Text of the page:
Interests and fandoms come and go, just like the desire to create art for them. This time I'm bringing you an interview with - Murrauddin, an arists who is no longer active in the Tolkien fandom, but many interesting pictures depicting rarely seen scenes or characters remain in her gallery:
1. Hello! For the beginning, could you tell us something about yourself?
Hello, I am from Moscow, Russia! At present I am working as a certified translator of French and English languages in a translation agency, and have to deal with legal and business documents for the most part (but we also get some very interesting translation orders from our customers from time to time, such as historical source documents or even poems, so my work is never boring).
2. It is interesting to find out the stories behind people's usernames. What is yours?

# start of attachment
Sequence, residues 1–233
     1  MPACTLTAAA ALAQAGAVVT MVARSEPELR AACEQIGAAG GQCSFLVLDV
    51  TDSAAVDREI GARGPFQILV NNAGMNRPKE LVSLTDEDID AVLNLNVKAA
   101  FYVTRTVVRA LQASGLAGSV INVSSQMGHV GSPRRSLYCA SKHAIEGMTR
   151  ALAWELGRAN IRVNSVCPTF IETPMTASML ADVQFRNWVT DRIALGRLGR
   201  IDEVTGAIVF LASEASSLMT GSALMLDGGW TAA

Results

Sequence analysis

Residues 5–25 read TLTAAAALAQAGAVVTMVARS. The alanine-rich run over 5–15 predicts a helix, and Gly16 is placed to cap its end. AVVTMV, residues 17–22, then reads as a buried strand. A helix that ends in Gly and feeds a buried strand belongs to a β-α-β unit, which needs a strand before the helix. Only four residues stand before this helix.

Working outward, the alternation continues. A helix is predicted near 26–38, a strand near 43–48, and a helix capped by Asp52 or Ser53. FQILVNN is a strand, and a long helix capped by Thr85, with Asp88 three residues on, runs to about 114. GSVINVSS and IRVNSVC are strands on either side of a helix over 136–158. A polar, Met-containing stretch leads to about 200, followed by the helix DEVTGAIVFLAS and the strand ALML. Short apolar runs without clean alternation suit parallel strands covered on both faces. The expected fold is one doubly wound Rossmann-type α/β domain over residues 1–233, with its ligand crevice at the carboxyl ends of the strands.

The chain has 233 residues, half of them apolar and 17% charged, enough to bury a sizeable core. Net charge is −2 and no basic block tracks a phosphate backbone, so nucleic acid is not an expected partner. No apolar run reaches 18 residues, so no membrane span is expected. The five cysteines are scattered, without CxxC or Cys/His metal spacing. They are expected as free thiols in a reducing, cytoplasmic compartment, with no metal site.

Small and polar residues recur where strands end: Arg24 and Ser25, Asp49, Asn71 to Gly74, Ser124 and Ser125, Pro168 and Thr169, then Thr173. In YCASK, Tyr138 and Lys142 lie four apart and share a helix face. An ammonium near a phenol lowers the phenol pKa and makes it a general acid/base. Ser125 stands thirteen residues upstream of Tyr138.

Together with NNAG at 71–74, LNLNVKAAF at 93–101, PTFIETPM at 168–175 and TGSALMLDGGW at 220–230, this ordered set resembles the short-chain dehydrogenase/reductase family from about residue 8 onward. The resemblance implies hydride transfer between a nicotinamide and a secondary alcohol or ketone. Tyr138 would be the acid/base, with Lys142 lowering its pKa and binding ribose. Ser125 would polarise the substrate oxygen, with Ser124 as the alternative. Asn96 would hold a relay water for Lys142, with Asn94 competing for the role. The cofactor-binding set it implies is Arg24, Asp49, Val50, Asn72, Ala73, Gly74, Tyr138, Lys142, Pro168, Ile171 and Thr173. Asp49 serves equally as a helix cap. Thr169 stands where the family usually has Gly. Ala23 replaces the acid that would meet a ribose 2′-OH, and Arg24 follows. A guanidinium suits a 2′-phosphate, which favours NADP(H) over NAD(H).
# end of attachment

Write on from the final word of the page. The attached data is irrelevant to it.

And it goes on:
It’s a very simple, a little funny story, just a childhood memory that came into my mind when I decided to register on DA. I’m a huge cat lover and the word is a shortening of Muslim (or, rather, Arabized) nickname, “Murrauddin Mollah”, given by my Tatar grandma to the big black tomcat we had then. This cat always sat in the kitchen and purred loudly when Granny was cooking, so she used to say to him: “Well, Murrauddin Mollah, are you reciting your prayers?” Also, the Wise Cat who tells fairy tales and sings songs is a character of a poem by the great Russian writer A. Pushkin, and my amateurish illustrations are a bit like ones from a storybook, aren’t they?.
3. When did you read Tolkien's books for the first time, and what impression did they leave in you?